Working from a strong foundation is the key to a successful security program
When a major security vulnerability is disclosed, everyone stops what they are doing and takes notice, especially when that vulnerability comes with its own logo. Now don’t get me wrong, newly disclosed vulnerabilities are important. They provide exciting opportunities for researchers and they do, if only temporarily, focus management’s attention on the often overlooked information security.
Don’t worry, this isn’t another blog about the pros and cons of vulnerability hype. Instead, I’d like to focus on the importance of keeping one eye on the basics, while the other is scrolling through the Twitter feed for the next upcoming disclosure. Because all too often, it is not the latest security vulnerability, but a failure to properly secure and deploy systems that is the root cause of a costly network breach.
Below are several recommendations to help keep your network more secure, and your company safe from new vulnerabilities (or old vulnerabilities newly discovered). These recommendations apply whether you are deploying physical servers, or provisioning resources in the cloud. I’ll first go over some general recommendations, and then dive into some a little more specific. While many of these may seem like security 101, they are perhaps some of the most common failures that lead to compromise.
- Every server, every time – Ensure that ALL servers are deployed in a secure manner, not just the “important” ones. All too often, an unsecured development server is the cause of a major breach.
- DMZ – All public facing servers should be placed in a DMZ to separate them from internal devices.
- Virtualization – While virtualization can be a double-edged sword, when implemented correctly, it can have many security benefits. Network virtualization, micro-segmentation and easier segregation of functions can have a tremendous impact on security.
- Defense in depth – Employ multiple network and host-based security solutions to secure the server.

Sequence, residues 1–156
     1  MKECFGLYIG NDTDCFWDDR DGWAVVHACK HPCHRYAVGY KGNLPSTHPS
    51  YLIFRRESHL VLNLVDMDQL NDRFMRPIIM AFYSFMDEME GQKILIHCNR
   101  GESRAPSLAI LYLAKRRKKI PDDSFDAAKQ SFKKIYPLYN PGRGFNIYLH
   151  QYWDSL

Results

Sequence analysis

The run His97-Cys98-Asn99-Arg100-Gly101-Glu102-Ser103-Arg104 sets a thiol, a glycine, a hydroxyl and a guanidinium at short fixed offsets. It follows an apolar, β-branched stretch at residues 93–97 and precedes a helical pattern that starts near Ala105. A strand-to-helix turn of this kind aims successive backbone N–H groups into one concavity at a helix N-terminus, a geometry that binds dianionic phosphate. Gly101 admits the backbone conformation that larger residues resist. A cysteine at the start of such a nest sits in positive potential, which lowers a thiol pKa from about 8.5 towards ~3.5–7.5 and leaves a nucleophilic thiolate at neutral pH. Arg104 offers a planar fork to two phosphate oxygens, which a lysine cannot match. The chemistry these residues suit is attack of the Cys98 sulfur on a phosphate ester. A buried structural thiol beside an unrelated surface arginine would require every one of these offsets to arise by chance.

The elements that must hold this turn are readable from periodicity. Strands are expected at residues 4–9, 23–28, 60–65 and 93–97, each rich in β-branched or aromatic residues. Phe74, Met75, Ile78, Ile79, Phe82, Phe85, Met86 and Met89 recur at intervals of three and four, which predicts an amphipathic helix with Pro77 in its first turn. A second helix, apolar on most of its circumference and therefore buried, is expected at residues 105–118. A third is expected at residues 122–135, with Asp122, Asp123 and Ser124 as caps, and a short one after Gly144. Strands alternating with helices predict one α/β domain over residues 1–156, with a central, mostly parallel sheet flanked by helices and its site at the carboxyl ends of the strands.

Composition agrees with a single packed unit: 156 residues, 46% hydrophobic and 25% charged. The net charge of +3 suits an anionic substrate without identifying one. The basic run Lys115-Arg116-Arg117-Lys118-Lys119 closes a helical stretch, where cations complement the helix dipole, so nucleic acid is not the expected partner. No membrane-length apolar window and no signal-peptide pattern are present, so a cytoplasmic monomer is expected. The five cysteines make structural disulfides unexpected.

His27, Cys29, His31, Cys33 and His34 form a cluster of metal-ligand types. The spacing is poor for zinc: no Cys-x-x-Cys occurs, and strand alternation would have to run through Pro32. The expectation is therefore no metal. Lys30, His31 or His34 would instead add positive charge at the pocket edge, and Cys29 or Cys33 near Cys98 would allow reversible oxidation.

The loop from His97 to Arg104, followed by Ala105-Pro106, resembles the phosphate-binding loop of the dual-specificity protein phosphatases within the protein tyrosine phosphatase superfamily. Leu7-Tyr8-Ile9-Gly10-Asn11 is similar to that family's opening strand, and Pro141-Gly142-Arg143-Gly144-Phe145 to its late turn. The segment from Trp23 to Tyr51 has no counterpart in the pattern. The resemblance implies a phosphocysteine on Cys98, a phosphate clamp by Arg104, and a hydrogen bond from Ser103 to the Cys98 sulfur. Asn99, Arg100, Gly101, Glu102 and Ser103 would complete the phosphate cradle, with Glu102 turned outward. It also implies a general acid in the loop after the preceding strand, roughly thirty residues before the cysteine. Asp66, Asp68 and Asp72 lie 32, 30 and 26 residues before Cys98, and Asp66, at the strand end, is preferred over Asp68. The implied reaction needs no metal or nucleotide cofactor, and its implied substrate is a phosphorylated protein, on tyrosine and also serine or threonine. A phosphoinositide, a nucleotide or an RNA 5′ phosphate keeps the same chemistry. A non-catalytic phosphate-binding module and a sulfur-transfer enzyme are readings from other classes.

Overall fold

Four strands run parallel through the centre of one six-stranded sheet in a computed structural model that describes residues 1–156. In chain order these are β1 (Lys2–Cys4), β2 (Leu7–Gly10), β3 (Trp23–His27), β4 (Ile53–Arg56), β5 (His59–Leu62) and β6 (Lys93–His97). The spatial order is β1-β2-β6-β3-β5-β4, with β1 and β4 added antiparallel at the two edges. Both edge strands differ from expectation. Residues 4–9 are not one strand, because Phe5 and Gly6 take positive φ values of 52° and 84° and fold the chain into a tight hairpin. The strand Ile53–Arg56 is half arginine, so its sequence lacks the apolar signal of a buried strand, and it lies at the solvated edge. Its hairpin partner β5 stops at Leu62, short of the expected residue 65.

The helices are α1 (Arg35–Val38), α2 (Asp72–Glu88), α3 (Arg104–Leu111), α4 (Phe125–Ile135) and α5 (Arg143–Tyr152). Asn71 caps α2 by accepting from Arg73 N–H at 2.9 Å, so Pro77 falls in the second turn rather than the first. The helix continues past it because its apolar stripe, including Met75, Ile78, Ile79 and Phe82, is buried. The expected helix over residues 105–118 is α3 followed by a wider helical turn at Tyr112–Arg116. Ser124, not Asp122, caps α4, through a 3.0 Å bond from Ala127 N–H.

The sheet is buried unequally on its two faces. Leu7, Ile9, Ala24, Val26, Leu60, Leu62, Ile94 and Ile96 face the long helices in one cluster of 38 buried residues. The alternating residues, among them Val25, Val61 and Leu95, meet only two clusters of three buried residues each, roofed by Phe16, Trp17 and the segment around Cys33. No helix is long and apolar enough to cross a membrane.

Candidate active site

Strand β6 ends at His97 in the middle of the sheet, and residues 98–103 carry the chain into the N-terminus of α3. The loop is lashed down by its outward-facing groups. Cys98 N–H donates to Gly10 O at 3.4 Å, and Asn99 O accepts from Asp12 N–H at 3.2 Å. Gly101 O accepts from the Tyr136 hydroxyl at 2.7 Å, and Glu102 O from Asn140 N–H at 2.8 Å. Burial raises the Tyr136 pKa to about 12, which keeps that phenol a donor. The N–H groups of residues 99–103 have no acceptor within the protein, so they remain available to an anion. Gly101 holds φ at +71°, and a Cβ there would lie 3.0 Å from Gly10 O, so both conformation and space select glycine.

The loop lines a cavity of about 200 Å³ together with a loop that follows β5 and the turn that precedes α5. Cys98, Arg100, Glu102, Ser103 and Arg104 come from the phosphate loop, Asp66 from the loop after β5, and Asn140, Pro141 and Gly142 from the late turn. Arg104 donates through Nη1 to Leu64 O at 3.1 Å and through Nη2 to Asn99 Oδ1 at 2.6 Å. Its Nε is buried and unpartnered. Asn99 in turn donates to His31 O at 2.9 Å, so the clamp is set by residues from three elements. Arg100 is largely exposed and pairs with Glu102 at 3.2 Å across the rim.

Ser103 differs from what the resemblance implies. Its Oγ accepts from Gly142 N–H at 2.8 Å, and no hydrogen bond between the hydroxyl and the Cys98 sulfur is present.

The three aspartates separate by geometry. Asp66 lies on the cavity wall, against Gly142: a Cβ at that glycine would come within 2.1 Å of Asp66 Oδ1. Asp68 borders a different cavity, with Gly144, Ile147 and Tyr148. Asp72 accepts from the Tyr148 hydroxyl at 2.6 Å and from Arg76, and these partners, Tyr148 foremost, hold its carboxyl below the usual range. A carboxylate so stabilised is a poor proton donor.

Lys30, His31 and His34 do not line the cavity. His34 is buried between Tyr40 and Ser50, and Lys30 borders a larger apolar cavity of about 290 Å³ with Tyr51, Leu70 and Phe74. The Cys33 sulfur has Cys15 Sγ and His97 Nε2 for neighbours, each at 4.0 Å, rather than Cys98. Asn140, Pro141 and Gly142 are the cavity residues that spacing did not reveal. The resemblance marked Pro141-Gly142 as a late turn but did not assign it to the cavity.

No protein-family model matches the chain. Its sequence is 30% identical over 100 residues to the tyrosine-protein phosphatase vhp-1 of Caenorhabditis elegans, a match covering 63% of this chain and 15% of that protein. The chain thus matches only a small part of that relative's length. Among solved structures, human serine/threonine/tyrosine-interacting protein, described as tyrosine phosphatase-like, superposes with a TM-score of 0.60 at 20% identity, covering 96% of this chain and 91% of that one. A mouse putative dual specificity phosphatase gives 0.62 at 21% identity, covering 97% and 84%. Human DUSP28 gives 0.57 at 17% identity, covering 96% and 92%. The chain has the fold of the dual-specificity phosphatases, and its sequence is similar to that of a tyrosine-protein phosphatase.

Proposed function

- Start secure – Start with a fully hardened, locked-down server and network configuration, and then allow only the ports, services and accounts that are required.
- Test, then deploy – Configure and test your server in a secure environment before placing it in a production environment. Depending on the function and security level of the server, this may involve a simple audit, a vulnerability scan, or a full penetration test.
- Change control – Once configured, document the known-good configuration. Implement a strict change control policy and document all changes.
- Limit roles – Often, the more roles that are added to a server, the less secure it becomes. Carefully consider the risks and benefits before adding multiple roles to a single server.
- Monitor – Employ solutions, such as ActiveGuard®, to actively monitor and record the health and behavior of the server.
- Windows firewall – Make sure the Windows Firewall is enabled and that only trusted ports and applications are permitted through the firewall.
- Encryption – All sensitive data on a server should be encrypted at rest and in transit. Avoid unencrypted protocols such as Telnet and FTP.
- Administrator account – Disable the default administrator account and create administrative accounts for individual users.
- Domain credentials – Carefully weigh the risks and benefits of using domain credentials on the server. Loss of domain credentials may lead to a compromise of the entire domain.
- Passwords – Ensure that passwords are at least 12 characters long, do not include dictionary words, and use upper case, lower case, numeric and special characters. Do not reuse passwords.
- Limit service privileges – Do not run services or applications with full administrative permissions. Services or applications should be run with the minimum permissions necessary to operate.
- Network appliances – Employ ingress and egress filtering by port and IP at the firewall. Tune your WAF or IPS to allow only known-good traffic.
- Patching – Implement a patching policy to ensure that Windows and third party patches are tested and deployed as soon as possible.
- Disable services – Windows comes with many services on by default. Disable any unneeded Windows or third party services and roles to limit the attack surface.
- Web browsing – Web browsing is among the most common means of compromise and should be prohibited on servers unless there is an absolute business need.
While no security program can ever be 100% effective, ensuring that these basic security tenants are fulfilled can provide an extra layer of assurance and allow security staff to focus on the security issues that matter most to the organization.
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